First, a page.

8/7/14 - Thursday - Day 3 Up early to try and get an early start - feeling like I'm behind schedule and hope to finish the lake today if I can. Lake Laberge is 31.5 miles long and I've only covered 6 so far. I'm packed and about ready to take off when Harold gets up and chats a bit, then I'm off. The waves are about 2 feet at first, then build to 3 as the wind picks up soon after I start. Not too bad and no whitecaps yet, but it’s the same quartering tailwind that pushes the waves at an angle to my direction of travel. I've rearranged the load so that the boat isn't bow heavy, but I still have handling issues with that quartering tail wind, and just take advantage of the problem by mostly paddling on the left and not needing much correction. I switch sides from time to time, and now have to do a hard stern rudder to keep my line while paddling on the right side. So I mostly just paddled hard and fast on the left to make better time. As the waves build to 3 feet, I get some surfing action too. I'm mostly paddling from point to point, not following the shoreline, and sometimes out a half a mile or more from shore, even though it is advised to stay close to shore for a quick exit if a storm comes up. I'd rather short cut figuring I can swim the boat to shore if need be. They say the lake is really cold, but at the shore at camp it does not feel that way. Temps have been nice - maybe about 50 in the morning and 70's mid-day, so I'm not too worried about hypothermia. The wind keeps building and waves are getting bigger. Every half minute or so, there is a bigger set with 4 foot waves, and wind and waves are getting very pushy - I just keep paddling hard on the left, and harder and faster in the bigger gusts. This is not a relaxing paddle, rather the opposite, intense. Have to keep constant attention on the waves and wind gusts, keeping the boat at a bit of an angle to them to keep my line. I never stop paddling, and its tricky to grab a quick drink – hard to flip the map book over to the next page too. As the day goes on, I begin to hear the waves breaking into whitecaps behind me, and I know another big set is coming by. I bob up and down like a cork. Sometime, the wind almost takes over and I have to switch to the right side fast and do a hard stern rudder to keep control. Once, the combination of wind and wave do take over and I can't prevent turning sideways to the waves. I look back left while sitting in the trough, and the next wave is higher than my head. Think fast, relax, stay loose and let it go past, then reverse quickly into the next wave, and continue on. Somewhere mid-day I pull behind a headland at a campsite and take a break. I can now get an idea of where exactly I am - there are very few points that are actually out of the wind. I eat a bit and take the time to filter more water and fill my 2.5 gal jug, all the time thinking of whether I should just camp here or continue on I'm at about mile 65 and the end of the lake is at mile 80. I'd gone past one guy on shore a while back - he seemed to be sitting out the wind. I've noticed that all of the Gulls have gotten off the lake - they are sitting up on rock bluffs off the water. Is that a clue? I decide to continue on - I'm getting used to the big water and somewhat less concerned, though I still have to stay sharp, constantly aware of the wind and waves. This is the biggest waves I've ever paddled - more like an ocean with the biggest wave crests 15 to 20 feet apart. The noise of the "surf" on the rocky shore and cliffs is really loud and a constant. Problem is, I don't know what the weather is going to be - might be worst tomorrow - might stay bad for days? So I keep going, wanting to get in at least a few more miles, but the sky is again looking black and threatening, like a storm is approaching again. While I was stopped, that one guy I had seen went past, paddling a Rx Rendezvous. After a while, I catch up and pass him, having a brief shouted long distance hello. He is having more trouble controlling his boat than I am, and he is staying closer to shore than I do. (I talked with him next day - he had tipped over in the lake that day or the one before, and was a bit timid about the waves). I am more familiar with the style of the maps now, and can keep up with where I am. Getting tired of fighting the wind and waves though, and the black sky makes me think about stopping, and I see a camp site ahead. It’s about 4pm and this is a nice spot, so I decide to stay. Its only about 8 miles more to the end of the lake and I should be able to do that “easy” tomorrow. Now, as I'm setting up camp, the wind finally dies down to a light breeze and the paddling conditions are perfect - but I've already unloaded the boat so I stay. The Rendezvous goes by a half hour or so later, and then Harold and bro go past, and then that couple do too. It’s almost calm, but the sky is very dark everywhere and it looks like it is raining to the NW, and not long after the last boat went by, the wind comes back, roaring out of the North and suddenly the big waves and whitecaps are back, but they would be in your face if paddling, and a bit of rain does start. Not much rain really, but the suddenness of the change is a bit startling - so the advice to get off the lake if the weather is looking bad was spot on. Now I'm glad I stopped early at a good spot and have camp all set up, and I wonder about those other 3 boats. I hurry up and finish dinner and put the tarp up over the tent so I can exit dry if needed. The storm lasts maybe an hour, then abates and wind is less. I do a bit of fishing from shore, but no luck at all. I turn in early after a campfire to burn out the trash - it doesn't get dark till 11pm or so, and I'm not waiting that long. I set the alarm for 4:30 to get an early start. Another short but exciting day on the lake. Did only 16 miles today taking my time.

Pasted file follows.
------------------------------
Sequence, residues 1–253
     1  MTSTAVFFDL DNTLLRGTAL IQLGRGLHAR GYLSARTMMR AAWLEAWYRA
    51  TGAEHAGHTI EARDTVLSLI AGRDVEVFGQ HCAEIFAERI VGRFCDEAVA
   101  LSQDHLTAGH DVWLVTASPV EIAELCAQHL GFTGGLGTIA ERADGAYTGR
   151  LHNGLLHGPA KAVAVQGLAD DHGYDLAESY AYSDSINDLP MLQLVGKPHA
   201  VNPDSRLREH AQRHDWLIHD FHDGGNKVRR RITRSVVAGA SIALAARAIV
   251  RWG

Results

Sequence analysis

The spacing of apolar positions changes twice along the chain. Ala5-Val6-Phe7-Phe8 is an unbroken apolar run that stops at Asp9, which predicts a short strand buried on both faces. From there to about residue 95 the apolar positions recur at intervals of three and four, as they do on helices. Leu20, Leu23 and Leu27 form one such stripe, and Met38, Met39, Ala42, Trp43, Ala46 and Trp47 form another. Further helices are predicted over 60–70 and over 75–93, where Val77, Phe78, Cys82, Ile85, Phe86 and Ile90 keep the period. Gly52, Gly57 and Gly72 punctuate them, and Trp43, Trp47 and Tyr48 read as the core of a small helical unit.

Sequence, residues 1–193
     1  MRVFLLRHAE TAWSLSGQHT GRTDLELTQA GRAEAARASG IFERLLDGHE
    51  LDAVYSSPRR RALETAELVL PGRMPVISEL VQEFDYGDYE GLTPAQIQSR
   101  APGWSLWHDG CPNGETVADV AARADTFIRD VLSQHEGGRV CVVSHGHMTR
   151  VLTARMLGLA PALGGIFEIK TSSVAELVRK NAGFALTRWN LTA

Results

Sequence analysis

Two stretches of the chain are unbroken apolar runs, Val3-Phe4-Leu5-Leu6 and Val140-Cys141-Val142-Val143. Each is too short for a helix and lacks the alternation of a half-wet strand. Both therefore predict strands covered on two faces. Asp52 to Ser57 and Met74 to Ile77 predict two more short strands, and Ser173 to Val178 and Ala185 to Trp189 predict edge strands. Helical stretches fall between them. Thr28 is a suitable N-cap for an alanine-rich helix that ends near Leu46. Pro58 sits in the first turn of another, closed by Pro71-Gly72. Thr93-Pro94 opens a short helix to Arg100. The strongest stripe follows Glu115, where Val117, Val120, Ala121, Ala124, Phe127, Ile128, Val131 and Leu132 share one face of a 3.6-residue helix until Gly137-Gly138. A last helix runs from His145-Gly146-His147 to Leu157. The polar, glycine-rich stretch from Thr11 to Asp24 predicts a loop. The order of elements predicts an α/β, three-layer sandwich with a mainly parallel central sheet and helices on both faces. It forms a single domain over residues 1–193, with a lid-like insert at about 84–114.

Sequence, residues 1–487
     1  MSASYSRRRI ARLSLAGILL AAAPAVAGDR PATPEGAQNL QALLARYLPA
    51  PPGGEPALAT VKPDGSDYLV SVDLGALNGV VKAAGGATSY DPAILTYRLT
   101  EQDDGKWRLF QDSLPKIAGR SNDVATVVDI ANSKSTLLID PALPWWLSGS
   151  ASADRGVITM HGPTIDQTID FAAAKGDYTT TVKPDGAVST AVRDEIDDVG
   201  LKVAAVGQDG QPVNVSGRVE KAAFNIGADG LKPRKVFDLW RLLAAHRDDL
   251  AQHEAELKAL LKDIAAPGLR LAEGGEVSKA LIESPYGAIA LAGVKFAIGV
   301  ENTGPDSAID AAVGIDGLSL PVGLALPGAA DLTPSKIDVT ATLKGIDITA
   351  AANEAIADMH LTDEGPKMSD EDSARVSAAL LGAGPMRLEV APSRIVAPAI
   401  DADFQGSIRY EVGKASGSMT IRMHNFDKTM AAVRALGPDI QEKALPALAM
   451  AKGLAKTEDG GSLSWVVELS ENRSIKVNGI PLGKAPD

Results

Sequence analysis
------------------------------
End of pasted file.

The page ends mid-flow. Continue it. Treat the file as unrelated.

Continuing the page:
8/8/14 - Friday - Day 4 On the water by 7:15 this morning. Repeat of yesterday with the wind up and out of the SW, so it’s quartering wind and waves again. Less than a mile, and I pass all 3 of the boats that had passed by my camp yesterday - they had all pulled off the lake before that storm hit, and I was glad of that. The waves start out at 2', then after a while build to 3', and then back to the bigger 4' sets. But I'm used to that now, and continue as I've been going, point to point and keeping a sharp attention, but more relaxed about it. I've gotten more confidence in the new boat (PakCanoe 150 solo) and as I get near the end of the lake and study the map, I can just sit in the troughs and bob up and down and not be concerned about the whitecaps. Hard to spot the outlet, but eventually I do and look for a landing at the "Lower Laberge" site - it had been a minor settlement with a telegraph station and RCMP post etc. - I land there and walk about a bit looking at a few old log cabins. There are several camp sites with picnic tables and an outhouse. Not too far down river is a trapper's cabin that the book says you can use if you want to. My original plan had been to be at the end of the lake at end of day 2, and then to spend day 3 on the next section of river, called "The 30 mile river", being 30 miles to the junction of the Teslin river.